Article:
Humor as a tool to healing
I could tell you so many things about the terror, pain, humiliating procedures and sheer tedium or having cancer but that would only be half the story. When I was diagnosed with Bladder cancer I remember the terror. The day after my biopsy I went to my computer and looked up Invasive Bladder Cancer and this is what I read “The standard treatment is a type of surgery called radical cystectomy, which removes the bladder, together with nearby lymph nodes and adjacent pelvic organs. In men, this procedure includes removal of the prostate gland and seminal vesicles. In women, it includes removal of the uterus, fallopian tubes, ovaries and part of the vagina.” I couldn’t breath to scream. When my personal physician called with my pathology result we both cried. When my Urologist said “you do know that you may die no matter what we do?” I to this day am still searching for the appropriate answer to that one.
At forty seven I learned I was more worried about how I would die that when. Would it be with dignity, could I handle the pain? If pressed I could tell you the nitty gritty of twenty trips to the infusion unit and forty to the radiation. I could tell you the side affects and what that does to a body. I could tell you about being in surgery seven times in a year. And I could tell you what it is like to try to retain you dignity when you are a thing on a slab in a teaching hospital, with your most private parts probed and seen by the world. Yes I could tell you many things but they would not be changed by the telling.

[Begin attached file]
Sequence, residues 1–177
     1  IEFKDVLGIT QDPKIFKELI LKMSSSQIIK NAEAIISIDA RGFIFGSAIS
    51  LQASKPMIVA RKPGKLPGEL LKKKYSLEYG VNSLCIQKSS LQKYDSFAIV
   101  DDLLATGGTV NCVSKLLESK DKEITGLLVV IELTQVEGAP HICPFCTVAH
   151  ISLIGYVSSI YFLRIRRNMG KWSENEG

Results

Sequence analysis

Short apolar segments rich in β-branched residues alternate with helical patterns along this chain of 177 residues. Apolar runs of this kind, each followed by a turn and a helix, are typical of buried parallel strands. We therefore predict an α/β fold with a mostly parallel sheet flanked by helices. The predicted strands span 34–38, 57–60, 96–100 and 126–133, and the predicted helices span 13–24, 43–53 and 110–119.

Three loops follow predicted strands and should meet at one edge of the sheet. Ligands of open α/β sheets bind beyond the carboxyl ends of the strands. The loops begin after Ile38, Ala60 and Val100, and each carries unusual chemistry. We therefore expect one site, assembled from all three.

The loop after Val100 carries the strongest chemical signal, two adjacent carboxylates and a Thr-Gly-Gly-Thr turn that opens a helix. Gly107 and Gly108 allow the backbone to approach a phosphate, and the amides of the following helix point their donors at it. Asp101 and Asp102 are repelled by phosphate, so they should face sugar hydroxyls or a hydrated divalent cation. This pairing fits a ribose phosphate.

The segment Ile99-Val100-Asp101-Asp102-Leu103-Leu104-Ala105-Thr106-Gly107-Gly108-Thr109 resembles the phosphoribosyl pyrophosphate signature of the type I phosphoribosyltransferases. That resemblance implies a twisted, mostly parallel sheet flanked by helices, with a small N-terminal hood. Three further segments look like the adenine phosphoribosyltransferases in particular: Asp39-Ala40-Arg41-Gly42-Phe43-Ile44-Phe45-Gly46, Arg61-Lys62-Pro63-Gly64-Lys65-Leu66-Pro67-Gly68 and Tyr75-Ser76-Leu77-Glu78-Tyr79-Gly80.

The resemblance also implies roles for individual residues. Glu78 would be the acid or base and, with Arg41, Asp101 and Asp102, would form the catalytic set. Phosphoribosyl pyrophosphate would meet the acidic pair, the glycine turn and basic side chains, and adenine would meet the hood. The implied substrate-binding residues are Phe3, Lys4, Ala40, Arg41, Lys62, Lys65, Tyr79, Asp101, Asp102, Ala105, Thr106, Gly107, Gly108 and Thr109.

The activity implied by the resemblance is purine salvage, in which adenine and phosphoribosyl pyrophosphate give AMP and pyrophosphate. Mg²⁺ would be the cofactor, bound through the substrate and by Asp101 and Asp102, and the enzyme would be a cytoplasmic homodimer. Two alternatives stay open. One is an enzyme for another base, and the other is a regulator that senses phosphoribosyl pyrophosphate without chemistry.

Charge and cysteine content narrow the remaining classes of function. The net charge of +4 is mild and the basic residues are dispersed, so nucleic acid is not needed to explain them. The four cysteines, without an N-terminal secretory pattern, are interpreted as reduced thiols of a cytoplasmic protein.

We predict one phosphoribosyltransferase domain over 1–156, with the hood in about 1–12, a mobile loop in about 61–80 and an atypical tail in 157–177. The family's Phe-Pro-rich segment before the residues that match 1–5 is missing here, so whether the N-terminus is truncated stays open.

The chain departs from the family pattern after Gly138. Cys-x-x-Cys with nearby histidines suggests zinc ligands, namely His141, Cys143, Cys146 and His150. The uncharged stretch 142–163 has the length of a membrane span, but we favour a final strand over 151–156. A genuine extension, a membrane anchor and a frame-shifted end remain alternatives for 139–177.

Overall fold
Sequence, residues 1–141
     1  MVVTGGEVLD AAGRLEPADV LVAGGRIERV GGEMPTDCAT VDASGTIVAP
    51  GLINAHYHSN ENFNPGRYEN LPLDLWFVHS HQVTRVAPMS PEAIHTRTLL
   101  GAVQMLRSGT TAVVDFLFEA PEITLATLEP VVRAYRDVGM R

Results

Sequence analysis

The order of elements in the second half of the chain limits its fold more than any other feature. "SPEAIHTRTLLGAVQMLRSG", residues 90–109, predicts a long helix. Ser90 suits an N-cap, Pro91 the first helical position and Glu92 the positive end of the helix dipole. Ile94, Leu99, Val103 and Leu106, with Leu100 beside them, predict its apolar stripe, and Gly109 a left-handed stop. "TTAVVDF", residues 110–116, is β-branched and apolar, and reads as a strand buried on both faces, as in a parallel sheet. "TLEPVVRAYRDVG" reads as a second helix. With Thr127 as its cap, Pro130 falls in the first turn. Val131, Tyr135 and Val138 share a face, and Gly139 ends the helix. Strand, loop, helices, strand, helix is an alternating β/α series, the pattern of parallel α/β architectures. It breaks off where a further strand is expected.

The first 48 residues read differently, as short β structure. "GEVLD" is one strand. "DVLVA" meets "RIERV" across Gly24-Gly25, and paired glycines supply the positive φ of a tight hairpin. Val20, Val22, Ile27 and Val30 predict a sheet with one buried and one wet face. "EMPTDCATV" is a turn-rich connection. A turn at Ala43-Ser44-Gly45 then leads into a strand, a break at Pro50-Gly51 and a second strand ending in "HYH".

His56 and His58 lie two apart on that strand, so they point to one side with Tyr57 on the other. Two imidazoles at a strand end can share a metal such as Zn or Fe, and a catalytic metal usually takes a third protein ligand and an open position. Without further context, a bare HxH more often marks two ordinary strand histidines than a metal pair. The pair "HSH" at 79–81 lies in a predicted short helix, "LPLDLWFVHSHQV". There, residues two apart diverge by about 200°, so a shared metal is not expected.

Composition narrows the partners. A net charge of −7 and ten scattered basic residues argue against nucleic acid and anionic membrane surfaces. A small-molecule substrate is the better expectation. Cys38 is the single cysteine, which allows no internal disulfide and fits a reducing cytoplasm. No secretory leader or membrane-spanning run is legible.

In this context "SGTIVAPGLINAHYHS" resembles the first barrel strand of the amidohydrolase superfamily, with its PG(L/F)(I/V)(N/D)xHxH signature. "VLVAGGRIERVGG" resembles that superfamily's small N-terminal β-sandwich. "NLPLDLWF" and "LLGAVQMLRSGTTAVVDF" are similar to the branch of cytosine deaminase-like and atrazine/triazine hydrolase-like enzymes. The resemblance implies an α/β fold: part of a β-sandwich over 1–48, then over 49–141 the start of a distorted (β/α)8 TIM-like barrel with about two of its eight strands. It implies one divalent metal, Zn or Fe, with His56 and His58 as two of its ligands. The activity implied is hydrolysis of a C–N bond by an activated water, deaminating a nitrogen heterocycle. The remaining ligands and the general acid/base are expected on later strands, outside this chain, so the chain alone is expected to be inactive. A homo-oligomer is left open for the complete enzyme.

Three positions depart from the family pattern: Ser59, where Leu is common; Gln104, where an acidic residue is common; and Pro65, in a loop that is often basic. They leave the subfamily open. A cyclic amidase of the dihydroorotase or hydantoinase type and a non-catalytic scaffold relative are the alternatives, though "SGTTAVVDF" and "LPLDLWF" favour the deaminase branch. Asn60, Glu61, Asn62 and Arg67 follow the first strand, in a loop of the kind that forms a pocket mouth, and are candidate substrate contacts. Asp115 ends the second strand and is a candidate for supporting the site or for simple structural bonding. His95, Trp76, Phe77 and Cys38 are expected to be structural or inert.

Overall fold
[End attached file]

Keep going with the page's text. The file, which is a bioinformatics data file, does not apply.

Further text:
The other half of the story is this. I have sat taking chemotherapy with a woman who knew she would not see this Christmas with her children, and laughed until we cried about silly things. I have seen bald headed children laughing and playing as if the world was right toting their IV poles around the infusion unit. I have read things in chat rooms and list servers form other survivors that would hold no humor for others but make me smile because I know where they come from. I have found humor in things I would have been appalled at a year had a half ago. I have made jokes about glowing in the dark, being bald, bodily functions and a few things better left unmentioned. And in that humor I have found hope. The human spirit is stronger than the cancer. I really have no choice about what happens to me in the future. But I do have a choice how I handle it. Do I sit around and cry the rest of my life about what a rotten hand I have been given? Or do I find joy and laughter given the opportunity? I would think the answer would be obvious, what a waste to cry when you can laugh. And I think that is the most important part of the story.